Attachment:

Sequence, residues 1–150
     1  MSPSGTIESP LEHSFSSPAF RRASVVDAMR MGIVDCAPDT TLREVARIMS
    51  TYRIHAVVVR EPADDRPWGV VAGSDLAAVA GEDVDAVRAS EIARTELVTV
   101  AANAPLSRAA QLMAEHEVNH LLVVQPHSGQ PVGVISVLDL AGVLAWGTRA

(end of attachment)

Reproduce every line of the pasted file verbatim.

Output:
Sequence, residues 1–150
     1  MSPSGTIESP LEHSFSSPAF RRASVVDAMR MGIVDCAPDT TLREVARIMS
    51  TYRIHAVVVR EPADDRPWGV VAGSDLAAVA GEDVDAVRAS EIARTELVTV
   101  AANAPLSRAA QLMAEHEVNH LLVVQPHSGQ PVGVISVLDL AGVLAWGTRA